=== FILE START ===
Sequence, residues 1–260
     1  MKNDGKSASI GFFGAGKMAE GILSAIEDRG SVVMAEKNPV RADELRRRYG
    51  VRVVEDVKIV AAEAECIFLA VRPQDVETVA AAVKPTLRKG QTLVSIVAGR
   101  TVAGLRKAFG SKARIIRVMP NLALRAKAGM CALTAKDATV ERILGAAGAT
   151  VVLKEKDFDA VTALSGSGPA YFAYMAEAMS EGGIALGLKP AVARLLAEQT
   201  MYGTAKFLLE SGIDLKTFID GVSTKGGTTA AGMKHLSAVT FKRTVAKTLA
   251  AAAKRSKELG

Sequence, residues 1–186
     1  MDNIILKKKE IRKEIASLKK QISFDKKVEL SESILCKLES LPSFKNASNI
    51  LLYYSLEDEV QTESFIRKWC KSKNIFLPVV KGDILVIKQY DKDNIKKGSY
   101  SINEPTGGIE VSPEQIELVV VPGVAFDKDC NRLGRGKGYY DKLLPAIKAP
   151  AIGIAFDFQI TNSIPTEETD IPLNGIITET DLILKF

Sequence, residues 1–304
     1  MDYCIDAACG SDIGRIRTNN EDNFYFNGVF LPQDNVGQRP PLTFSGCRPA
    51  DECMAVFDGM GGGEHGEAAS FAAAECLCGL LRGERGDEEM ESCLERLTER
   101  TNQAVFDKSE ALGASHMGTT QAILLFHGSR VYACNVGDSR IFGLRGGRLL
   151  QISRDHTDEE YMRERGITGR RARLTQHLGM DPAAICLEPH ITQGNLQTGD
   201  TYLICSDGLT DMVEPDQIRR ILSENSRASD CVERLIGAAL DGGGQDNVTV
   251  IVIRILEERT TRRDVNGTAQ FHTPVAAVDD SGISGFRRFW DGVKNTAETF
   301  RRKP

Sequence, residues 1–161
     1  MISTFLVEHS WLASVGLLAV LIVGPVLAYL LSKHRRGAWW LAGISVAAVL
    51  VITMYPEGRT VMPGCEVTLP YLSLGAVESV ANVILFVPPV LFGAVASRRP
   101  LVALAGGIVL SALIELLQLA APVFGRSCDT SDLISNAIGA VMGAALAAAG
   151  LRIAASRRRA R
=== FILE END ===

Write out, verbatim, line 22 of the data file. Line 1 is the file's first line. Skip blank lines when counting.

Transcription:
     1  MISTFLVEHS WLASVGLLAV LIVGPVLAYL LSKHRRGAWW LAGISVAAVL